SOURCE: Certified Financial Planner Board of Standards, Inc.

CFP Board

November 12, 2009 11:45 ET

Know the Difference Between Good Debt and Bad Debt

WASHINGTON, DC--(Marketwire - November 12, 2009) - The New Financial Realities: Personal Statement by Eleanor Blayney, CFP® Consumer Advocate for the Certified Financial Planner Board of Standards (CFP Board):

In the current financial crisis, we have learned that we can no longer afford to borrow as we did in the bubbly pre-recession days. There are new financial realities; we must re-examine some basic assumptions and consider some new approaches. Over the course of this series, we are looking at nine important financial strategies. This week: Learn the difference between good debt and bad debt.

The difference between good debt and bad debt is simple. Good debt exists when you borrow money to finance assets that will appreciate in value in the long run, such as education, homes, and businesses. Bad debt is borrowing money to purchase depreciating items to enjoy in the present and having to pay for them in the future, long after these items have been used, worn, enjoyed, or discarded. Once you determine when it makes sense to borrow, it's just as important to manage the money you borrow.

The average American household has more than $8,000 in credit card debt. If the minimum amount is being paid towards your total balance every month, it will take nearly a decade to pay off. Although one may think minimum payments are better than no payments, this approach to debt payment can still sabotage your financial future.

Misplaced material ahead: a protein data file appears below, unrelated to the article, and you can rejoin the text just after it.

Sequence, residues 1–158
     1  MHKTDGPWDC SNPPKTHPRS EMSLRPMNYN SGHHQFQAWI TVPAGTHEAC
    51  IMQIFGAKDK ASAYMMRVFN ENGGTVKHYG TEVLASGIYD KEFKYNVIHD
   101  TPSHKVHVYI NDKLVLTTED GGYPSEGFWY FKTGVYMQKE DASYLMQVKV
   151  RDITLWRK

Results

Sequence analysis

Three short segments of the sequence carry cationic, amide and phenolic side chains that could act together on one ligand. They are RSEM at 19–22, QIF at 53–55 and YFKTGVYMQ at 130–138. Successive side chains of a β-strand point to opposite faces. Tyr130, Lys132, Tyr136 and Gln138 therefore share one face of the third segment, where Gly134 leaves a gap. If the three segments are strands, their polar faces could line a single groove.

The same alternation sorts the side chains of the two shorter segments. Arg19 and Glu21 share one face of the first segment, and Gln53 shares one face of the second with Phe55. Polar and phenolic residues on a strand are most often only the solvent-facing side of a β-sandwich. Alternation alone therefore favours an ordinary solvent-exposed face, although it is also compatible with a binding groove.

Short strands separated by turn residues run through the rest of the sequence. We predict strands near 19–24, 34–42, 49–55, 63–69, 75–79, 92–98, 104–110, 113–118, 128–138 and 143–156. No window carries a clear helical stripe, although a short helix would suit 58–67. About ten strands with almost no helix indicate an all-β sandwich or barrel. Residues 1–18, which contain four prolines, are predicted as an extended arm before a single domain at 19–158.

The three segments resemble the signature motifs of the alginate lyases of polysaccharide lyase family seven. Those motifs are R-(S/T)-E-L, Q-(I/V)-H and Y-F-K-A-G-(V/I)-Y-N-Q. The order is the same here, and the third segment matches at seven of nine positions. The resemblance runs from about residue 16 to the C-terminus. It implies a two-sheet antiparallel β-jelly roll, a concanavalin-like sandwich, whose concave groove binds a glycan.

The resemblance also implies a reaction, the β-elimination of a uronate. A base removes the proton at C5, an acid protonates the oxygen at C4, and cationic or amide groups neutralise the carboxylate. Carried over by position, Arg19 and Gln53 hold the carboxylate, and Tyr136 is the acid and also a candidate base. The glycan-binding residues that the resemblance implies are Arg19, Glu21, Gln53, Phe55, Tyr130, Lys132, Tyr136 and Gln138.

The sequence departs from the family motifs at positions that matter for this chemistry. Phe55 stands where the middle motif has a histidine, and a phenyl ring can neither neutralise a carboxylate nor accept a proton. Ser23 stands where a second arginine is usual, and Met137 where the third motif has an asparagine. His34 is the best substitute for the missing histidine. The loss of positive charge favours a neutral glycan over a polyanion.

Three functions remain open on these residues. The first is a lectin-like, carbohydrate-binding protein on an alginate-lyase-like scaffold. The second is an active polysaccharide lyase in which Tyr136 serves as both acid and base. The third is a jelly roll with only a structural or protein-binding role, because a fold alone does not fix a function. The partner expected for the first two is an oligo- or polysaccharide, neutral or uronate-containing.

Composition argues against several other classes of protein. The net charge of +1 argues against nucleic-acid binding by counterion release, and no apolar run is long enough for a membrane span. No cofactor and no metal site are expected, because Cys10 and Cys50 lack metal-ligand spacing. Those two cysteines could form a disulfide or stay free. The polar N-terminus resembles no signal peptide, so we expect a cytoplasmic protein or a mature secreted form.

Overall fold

Here are a few strategies on managing your debt effectively:

--  Start by knowing your FICO score, which is used by lenders to decide
    if you are financially able to repay a loan back given your credit history.
    FICO scores have become very powerful in the last few years.  They
    determine not just your cost of borrowing, but your ability to get a loan,
    a job, a lease, even your insurance premiums.  If your FICO score is
    limiting your financial options, you need to take aggressive steps to get
    it in the good credit zone.
--  Create a debt payment plan; getting your balances down should be the
    overall goal.  Cancelling accounts or transferring balances is not the best
    way to manage your debt.
--  Read the fine print.  It is important to read and know the terms on
    credit card, mortgage and car loan agreements. Creditors are required to
    provide this information and to notify you when there is a change in the
    terms, but often this notification is easily missed in the fine print.
    

As the Consumer Advocate for CFP Board, I want you to remember not to borrow trouble. Managing your debt is every bit as important as managing your investments for your financial future.

To view the new financial realities series, please visit http://www.cfp.net/learn/advocate.asp

Eleanor on Twitter: http://twitter.com/EleanorBlayney

Eleanor on FiLife: http://www.filife.com/user/eleanorblayney

Eleanor on LifeTuner: http://www.lifetuner.org/users/eleanorblayney

About CFP Board:

The mission of Certified Financial Planner Board of Standards, Inc. is to benefit the public by granting the CFP® certification and upholding it as the recognized standard of excellence for personal financial planning. The Board of Directors, in furthering CFP Board's mission, acts on behalf of the public, CFP® certificants and other stakeholders. CFP Board owns the certification marks CFP®, CERTIFIED FINANCIAL PLANNER™ and federally registered CFP (with flame design) in the U.S., which it awards to individuals who successfully complete CFP Board's initial and ongoing certification requirements. CFP Board currently authorizes more than 60,000 individuals to use these marks in the United States. For more about CFP Board, visit www.CFP.net.

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